Monday, April 7, 2008
Emily Dickinson came to my mind again today. One of her most famous lines, yet some of the simplest beauty ever in the smallest of spaces:
Hope is the thing with feathers
That perches in the soul,
And sings the tune without the words,
And never stops at all,
And sweetest in the gale is heard;
And sore must be the storm
That could abash the little bird
That kept so many warm.
I ’ve heard it in the chillest land,
And on the strangest sea;
Yet, never, in extremity,
It asked a crumb of me.
Sunday, April 6, 2008
I came across this beautiful poem by Rumi and just had to share it:
This being human is a guesthouse
Every morning a new arrival
A joy, a depression, a meanness
Some momentary awareness
Comes as an unexpected visitor
Welcome and entertain them all!
Even if they're a crowd of sorrows
Who violently sweep your house
Empty of its furniture
Still treat each guest honorably
He may be cleaning you out
For some new delight!
The dark thought, the shame, the malice
Meet them at the door laughing
And invite them in
Be grateful for whoever comes
Because each has been sent
As a guide from the beyond
~ Rumi ~
Image from Wikipedia
It's been a lazy Sunday afternoon so far, and after my daily visit to the acupressurist, I came and finished in a rush The Veiled Kingdom. Which is not to say that Carmen Bin Ladin words were so gripping. I read through this book almost as if I had to reach the end. Of all the memoirs I have picked up, this was perhaps one of the most anticipated. And with good reason too, perhaps. If your brother-in-law is the most wanted man on earth, well, you would think you have a good story to tell, wouldn't you? Carmen Bin Ladin is yes, as you guessed it, Osama Bin Laden's relative by marriage. Her husband Yeslam Bin Ladin belongs to the same clan of brothers who run the by now infamous Bin Laden Organization that was one of Saudi Arabia's biggest companies.
But are there rare intimate glimspes of the man who New York Times describes as the 'brother-in-law from hell? Sadly, none. Carmen acknowledges that she barely spoke to the man. ''When Osama stepped into the room, you felt it,'' is perhaps the closest glimpse you get. And what of her life in Saudi Arabia? Leading by own admission, a luxuriant life, Carmen is also blessed with a gift that most women in Saudi Arabia don't - an understanding husband. Yeslam, until till the end of their marriage - offers Carmen relative freedom - holidays in Geneva, and the intellectual companionship that her own sisters-in-law in the Bin Laden clan lacked. Carmen does not really go through severe angst - so much so the book is ridden with old metaphors that run of out fashion like the sand in the desert.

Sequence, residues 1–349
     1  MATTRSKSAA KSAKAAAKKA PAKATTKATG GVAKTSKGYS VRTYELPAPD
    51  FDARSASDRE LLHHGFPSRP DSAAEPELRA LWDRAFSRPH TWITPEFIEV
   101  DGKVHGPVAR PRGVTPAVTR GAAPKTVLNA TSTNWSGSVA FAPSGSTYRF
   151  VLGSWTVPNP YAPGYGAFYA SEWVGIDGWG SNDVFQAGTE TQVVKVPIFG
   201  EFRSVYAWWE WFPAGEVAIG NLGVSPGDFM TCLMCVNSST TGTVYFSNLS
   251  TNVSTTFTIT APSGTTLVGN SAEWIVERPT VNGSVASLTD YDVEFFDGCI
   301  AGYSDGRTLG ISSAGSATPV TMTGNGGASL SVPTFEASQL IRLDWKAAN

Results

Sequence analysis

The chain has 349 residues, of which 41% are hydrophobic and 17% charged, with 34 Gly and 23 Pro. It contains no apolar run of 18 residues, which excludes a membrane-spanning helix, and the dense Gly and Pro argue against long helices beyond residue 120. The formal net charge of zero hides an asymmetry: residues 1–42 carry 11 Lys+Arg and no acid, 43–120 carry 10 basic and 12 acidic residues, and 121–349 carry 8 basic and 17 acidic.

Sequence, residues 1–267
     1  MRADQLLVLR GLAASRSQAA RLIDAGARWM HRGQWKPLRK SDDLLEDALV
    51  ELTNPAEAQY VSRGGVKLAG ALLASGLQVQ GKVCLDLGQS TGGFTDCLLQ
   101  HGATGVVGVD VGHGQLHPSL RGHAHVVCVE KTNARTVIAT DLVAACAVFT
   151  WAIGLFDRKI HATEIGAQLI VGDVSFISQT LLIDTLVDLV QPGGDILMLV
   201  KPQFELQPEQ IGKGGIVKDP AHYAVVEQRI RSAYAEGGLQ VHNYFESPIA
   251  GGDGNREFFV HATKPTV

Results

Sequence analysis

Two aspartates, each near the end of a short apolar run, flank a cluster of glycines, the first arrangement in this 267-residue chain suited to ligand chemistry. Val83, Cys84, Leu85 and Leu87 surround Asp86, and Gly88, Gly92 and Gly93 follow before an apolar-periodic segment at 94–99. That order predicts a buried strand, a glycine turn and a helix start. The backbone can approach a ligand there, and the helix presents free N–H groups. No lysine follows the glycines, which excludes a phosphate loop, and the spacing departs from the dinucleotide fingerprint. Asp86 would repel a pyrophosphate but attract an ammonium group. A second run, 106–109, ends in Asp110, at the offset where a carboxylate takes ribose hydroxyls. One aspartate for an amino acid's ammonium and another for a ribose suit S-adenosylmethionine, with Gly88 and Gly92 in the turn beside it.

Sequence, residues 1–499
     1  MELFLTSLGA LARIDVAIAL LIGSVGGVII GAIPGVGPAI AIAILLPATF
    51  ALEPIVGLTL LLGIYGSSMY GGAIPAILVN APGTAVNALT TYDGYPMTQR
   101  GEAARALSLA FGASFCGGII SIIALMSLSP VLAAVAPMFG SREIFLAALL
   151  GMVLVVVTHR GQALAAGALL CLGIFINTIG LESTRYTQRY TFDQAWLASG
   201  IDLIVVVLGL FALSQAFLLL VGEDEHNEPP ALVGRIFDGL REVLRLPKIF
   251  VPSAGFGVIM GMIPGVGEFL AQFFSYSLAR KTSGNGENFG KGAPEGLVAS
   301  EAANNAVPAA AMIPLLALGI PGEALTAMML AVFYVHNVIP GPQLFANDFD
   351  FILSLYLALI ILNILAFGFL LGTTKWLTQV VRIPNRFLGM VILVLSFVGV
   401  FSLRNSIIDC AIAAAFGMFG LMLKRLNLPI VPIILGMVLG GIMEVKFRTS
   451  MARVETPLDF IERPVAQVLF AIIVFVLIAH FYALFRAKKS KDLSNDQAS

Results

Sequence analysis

Impressed I was not. But to be fair to Carmen, she does give us a stark and unrelenting potrayal of life in the Saudi kingdom. Need to shop? The shop would be literally brought to her doorstep. She describes the transformation of Saudi Arabia from an impoverished land to one of the wealthiest and the changing faces of its society. There might be better books on Saudi Arabia out there - for me, this is not one of them.
Image Credit: Amazon.
Tuesday, April 1, 2008
I chanced upon an interesting article in New York Times on Sunday. Well, I didn't chance upon it as much as it was delivered to me through a newsletter. Now what would you do if you are a true blue lit lover and your partner loves Archie comics? I am not sure I agreed with all the presumptions in this piece though - hell, these days its hard enough to find someone who reads the newspaper let alone form erudite and sensitive opinions on Sartre! And I love reading - the elite literati set that this article refers to I think I belong not - might as well be humble enough to admit that my tastes range from absolute rotten in the coffin dirt to the highest most eloquent piece of prose that can kiss heaven. Did I mention that I never did understand Catch 22?
Oh, but I digress. I had blogged about First They Killed My Father a while back. After They Killed My Father is the sequel to that. I guess the book is also called Lucky Child: A Daughter of Cambodia Remembers, according to a Wiki entry - and lucky indeed is Ung Loung.
Escaping to Thailand with her elder brother Meng and his wife, Loung eventually makes it to the U.S. after the death of her parents at the end of the Khmer Rouge. Her sister Chou though is left behind, and interestingly Loung relates the story of Chou in a remote village deep in the jungles of Cambodia. The two stories are a parallel view of the world - Loung grows up to be the typical American teenager - while Chou receives no schooling, marries, has kids, and eventually shows her own strength in becoming a succesful entrepreneur. Their lives meet. And Loung, after battling her own demons finds her peace in Cambodia. Angelina Jolie calls this a 'deeply moving book' and with good reason. It shows that sometimes although there might not be any happy endings, at least there might be reason enough to hope that peace is not such an elusive quality after all.